Approach to residual dizziness after successfully treated benign paroxysmal positional vertigo: effect of a polyphenol compound supplementation
Received 10 April 2019
Accepted for publication 25 June 2019
Published 1 August 2019 Volume 2019:11 Pages 117—125
Checked for plagiarism Yes
Review by Single anonymous peer review
Peer reviewer comments 3
Editor who approved publication: Professor Arthur Frankel
Augusto Pietro Casani,1 Elena Navari,1 Roberto Albera,2 Giuseppe Agus,3 Giacinto Asprella Libonati,4 Giuseppe Chiarella,5 Nicola Lombardo,6 Vincenzo Marcelli,7 Giovanni Ralli,8 Leonardo Scotto di Santillo,9 Roberto Teggi,10 Pasquale Viola,5 Luigi Califano11
1Department of Medical and Surgical Pathology, Otorhinolaryngology Section, Pisa University, Pisa, Italy; 2Division of Otorhinolaryngology, Department of Surgical Sciences, University of Turin School of Medicine, Turin, Italy; 3Otorhinolaryngology, Private Practice, Cagliari, Italy; 4Ear, Nose and Throat Department, Unit of Audiology, Vestibology and Phoniatry, Madonna delle Grazie Hospital, Matera, Italy; 5Department of Experimental and Clinical Medicine, Unit of Audiology and Phoniatrics, Magna Græcia University, Catanzaro, Italy; 6Otorhinolaryngology Section, Mater Domini University, Catanzaro, Italy; 7Department of Neuroscience, Vestibular and Audiology Unit, University of Naples “Federico II”, Naples, Italy; 8Department of Sense Organs, Sapienza University of Rome, Rome, Italy; 9Vestibology and Vestibular Rehabilitation Unit, Antero Micone Hospital, Genoa, Italy; 10Ear, Nose and Throat Department, San Raffaele Scientific Hospital, Milan, Italy; 11Audiovestibology Unit, G. Rummo Hospital, Benevento, Italy
Purpose: To assess if a polyphenol compound supplementation (Vertigoval®) could improve residual dizziness earlier after benign paroxysmal positional vertigo (BPPV) and relieve patients from this disabling symptomatology.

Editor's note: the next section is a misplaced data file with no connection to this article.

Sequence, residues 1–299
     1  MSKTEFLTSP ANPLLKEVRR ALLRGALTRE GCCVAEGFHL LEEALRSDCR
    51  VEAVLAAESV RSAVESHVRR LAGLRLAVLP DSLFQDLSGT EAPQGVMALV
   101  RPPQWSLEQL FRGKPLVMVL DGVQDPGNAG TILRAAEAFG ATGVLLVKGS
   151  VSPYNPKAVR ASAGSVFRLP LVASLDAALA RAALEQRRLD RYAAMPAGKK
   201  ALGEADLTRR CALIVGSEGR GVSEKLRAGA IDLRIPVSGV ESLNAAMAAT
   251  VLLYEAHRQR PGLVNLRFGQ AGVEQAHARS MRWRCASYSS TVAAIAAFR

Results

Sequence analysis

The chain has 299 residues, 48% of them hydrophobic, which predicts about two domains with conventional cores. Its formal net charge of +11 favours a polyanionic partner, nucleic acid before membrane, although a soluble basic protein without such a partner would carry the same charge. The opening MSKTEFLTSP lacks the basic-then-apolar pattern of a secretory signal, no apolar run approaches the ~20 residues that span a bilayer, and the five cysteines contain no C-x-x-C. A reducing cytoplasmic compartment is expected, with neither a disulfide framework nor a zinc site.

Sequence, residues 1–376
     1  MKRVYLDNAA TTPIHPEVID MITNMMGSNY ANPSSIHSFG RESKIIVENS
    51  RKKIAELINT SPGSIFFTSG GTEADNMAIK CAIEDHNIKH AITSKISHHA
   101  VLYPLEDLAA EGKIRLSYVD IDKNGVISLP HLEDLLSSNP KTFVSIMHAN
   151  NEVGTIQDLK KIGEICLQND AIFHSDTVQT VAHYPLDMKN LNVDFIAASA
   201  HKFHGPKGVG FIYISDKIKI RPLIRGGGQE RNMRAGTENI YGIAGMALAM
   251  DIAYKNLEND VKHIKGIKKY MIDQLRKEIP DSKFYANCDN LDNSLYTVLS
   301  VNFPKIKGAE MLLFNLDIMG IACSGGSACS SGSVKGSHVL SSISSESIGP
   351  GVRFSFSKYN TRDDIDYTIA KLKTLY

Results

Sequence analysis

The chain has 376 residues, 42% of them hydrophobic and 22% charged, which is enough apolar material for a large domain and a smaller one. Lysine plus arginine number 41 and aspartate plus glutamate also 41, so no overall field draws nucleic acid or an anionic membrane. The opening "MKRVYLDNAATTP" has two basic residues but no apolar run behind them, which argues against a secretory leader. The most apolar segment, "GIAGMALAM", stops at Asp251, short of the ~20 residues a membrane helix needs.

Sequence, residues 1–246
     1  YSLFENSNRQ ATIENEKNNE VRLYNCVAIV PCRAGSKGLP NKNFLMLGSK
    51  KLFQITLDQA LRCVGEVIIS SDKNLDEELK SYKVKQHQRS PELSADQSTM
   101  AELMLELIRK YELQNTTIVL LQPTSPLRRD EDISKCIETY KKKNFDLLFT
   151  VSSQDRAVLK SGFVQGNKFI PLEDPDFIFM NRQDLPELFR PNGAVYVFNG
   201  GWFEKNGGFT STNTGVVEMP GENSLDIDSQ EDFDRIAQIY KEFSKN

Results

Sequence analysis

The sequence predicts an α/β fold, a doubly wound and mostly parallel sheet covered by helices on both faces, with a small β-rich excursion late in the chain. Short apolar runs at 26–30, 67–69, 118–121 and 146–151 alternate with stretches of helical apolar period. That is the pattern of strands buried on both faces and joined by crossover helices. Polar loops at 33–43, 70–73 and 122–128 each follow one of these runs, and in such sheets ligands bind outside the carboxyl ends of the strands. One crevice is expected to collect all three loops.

Methods: In this prospective, multicentric study, 127 patients were randomized in the treatment group (TG), who received a 60-day supplementation, while 131 patients were randomized in the control group (CG), who did not receive any medication. The dizziness handicap inventory (DHI) score, static posturography, and the visual analog scale (VAS) for both dizziness (D-VAS) and nausea/vomit (N/V-VAS) were used as measures of outcome at baseline and after 30 and 60 days. Patients were asked about efficacy and tolerance to the treatment. Side effects were examined.
Results: A statistically significant greater decrease was established in the TG for DHI, D-VAS, and N/V-VAS compared to the CG. On the other hand, static posturography did not show statistical differences between the two groups, though a better clinical improvement after 60-day supplementation was shown in the TG in comparison to the CG. We counted mild side effects in only 2 patients. Most patients reported an excellent or good efficacy and tolerance to the treatment.
Conclusion: Residual dizziness is a frequent condition of unknown origin that manifests as persistent disabling imbalance after successful repositioning maneuvers for BPPV. The decreasing postural control can affect the quality of life, contributing to falling and psychological problems. The supplementation with the polyphenol compound used in our study is safe, manageable, and appeared to be able to reduce subjective symptoms and improve instability earlier, decreasing the risk of potential complications.
Keywords: residual dizziness, benign, paroxysmal positional vertigo, BPPV, Vertigoval®
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